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Five herbs you can easily grow in your kitchen garden

16 November 2017 , 0 comments / 1 likes
Does the idea of having a herb garden in your kitchen excite you?. Here are some easy pointers on how to get started on your dream kitchen garden

Fresh herbs add a burst of colour and flavour to dishes and it’s quite easy to grow them at home: you don’t need a lot of space and too much maintenance isn’t required. The biggest advantage of having your own garden? You have a supply of fresh herbs and don’t need to rush to the market.

First few basics to get started: Choose a place with enough sunlight. You can recycle juice or milk cartons and plastic bottle cut outs to use as pots. Preferably allot one species of plant to each pot because some herbs grow faster, which will affect the growth of the others. Ensure that the pot has holes for the water to drain and you will also need to place a tray beneath the pot to collect water that drains off. Compost your wet waste (vegetable and fruit peels, tea leaves, egg shells, etc.) to get homemade mulch. Mix this with equal amounts of soil to make your own potting soil. Plan which plants you will be growing – this mainly depends on what you cook since most herbs require minimal care.

Here are five commonly used herbs which you can easily grow at home:

Coriander
It’s hard to imagine most Indian recipes without coriander. This versatile herb works amazingly well both as a garnish and flavouring agent. Spring time (around February and March) is the best time to grow coriander. Simply sow the seeds in a row with a gap of a few inches between them. Keep the pot in a sunny area and moisten the soil. Don’t over water the soil or the plant – every alternate day should work. The shoots should sprout in a week or so.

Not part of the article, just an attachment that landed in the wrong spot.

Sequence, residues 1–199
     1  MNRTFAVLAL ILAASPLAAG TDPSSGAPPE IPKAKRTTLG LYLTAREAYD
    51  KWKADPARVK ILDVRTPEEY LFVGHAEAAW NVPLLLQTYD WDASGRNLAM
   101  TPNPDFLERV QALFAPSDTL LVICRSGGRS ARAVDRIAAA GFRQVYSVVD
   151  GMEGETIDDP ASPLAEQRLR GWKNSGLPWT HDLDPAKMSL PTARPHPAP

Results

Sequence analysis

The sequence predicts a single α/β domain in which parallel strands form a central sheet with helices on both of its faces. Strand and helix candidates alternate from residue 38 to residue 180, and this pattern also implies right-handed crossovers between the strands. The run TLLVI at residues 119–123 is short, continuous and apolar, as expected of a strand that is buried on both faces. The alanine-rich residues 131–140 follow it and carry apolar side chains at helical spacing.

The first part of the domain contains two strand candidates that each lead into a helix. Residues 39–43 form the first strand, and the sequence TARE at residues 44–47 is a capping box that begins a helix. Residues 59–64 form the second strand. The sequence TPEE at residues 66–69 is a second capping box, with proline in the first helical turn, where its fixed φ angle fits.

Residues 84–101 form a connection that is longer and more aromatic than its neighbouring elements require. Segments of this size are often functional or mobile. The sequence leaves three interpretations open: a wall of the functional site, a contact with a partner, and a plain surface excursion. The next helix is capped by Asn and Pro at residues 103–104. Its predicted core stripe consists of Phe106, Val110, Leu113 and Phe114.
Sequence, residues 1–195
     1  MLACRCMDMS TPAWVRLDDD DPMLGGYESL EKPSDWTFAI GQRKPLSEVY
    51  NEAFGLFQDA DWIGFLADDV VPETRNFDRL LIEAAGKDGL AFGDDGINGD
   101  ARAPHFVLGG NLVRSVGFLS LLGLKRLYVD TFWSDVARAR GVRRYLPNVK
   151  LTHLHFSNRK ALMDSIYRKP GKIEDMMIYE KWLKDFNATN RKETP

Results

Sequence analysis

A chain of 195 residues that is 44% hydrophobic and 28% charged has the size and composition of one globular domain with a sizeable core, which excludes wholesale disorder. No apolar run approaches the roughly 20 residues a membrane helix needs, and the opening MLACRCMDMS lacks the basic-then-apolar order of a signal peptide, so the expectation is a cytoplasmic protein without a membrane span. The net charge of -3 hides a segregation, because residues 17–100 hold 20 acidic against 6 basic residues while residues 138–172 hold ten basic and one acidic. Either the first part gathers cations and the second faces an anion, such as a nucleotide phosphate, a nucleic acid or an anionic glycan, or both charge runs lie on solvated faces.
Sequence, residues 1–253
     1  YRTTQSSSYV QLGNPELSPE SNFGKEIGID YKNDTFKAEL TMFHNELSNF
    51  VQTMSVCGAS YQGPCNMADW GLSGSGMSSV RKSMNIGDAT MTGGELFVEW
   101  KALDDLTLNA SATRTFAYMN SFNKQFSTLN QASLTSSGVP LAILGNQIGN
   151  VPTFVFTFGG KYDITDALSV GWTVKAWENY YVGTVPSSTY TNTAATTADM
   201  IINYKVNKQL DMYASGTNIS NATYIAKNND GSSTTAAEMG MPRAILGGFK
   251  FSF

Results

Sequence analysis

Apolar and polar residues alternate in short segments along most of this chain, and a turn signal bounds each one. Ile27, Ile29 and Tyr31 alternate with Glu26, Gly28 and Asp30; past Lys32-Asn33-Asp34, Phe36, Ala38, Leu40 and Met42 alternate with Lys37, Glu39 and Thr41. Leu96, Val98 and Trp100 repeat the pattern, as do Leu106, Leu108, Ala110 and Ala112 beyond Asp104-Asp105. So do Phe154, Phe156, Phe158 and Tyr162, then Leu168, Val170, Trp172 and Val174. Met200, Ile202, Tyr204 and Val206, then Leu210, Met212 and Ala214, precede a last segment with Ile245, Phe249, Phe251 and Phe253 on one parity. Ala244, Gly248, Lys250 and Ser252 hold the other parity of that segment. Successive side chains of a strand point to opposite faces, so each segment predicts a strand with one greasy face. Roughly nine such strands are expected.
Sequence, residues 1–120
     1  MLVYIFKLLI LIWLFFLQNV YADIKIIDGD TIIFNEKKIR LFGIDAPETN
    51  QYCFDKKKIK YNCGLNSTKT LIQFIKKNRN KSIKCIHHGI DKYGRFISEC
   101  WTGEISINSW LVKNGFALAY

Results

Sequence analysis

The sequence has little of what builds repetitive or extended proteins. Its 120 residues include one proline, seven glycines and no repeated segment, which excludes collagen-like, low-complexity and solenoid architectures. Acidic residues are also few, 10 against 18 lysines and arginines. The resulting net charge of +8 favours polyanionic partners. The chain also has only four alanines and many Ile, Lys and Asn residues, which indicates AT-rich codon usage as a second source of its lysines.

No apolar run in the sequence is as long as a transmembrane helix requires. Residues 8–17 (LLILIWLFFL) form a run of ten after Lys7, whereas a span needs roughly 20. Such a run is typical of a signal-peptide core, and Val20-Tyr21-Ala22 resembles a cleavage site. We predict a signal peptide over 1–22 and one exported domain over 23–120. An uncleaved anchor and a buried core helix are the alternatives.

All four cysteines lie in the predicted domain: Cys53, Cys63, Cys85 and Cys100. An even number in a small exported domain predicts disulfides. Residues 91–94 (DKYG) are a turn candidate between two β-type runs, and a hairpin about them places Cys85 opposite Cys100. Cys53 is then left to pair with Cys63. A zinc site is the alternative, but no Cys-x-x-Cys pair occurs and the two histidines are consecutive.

Mint
Mint is extremely easy to grow even without seeds. If the mint stems you bought at the market have roots, you can simply plant those once you use up the leaves. Ensure they are spaced out and have a pot of their own since mint shows prolific growth and can take over the area pretty soon. The refreshing, zingy leaves can be used as a garnish, in drinks and cocktails, chutneys and even biryani.

Fenugreek (methi)
Methi is best grown in winter: plant the seeds keeping a gap between each one. Water it regularly and you’ll soon see delicate little shoots peeping out of the soil!

Lemongrass
Do you love having Thai curry? Then you must try growing lemongrass in your kitchen. The citrus-flavoured herb is essential to Thai cuisine and gives the curry its distinct flavour. It can also be used in stir-fries, cooked with meat and to flavour tea. All you need to do is get a stalk of lemongrass from your vegetable vendor and plant it in a pot. Lemongrass loves sunshine and water, so ensure the pot is kept in a sunny spot and is hydrated regularly.

Thyme
Aromatic thyme is used to flavour sauces, soups and marinades. It is used while roasting meat or as an ingredient for the stuffing in chicken or turkey. It is easier to grow thyme from saplings which are available at nurseries. The other option is to sow the seeds around six inches apart from each other. Thyme requires mild sunshine and slightly moist soil.

Which herbs do you plan to grow in your kitchen garden?

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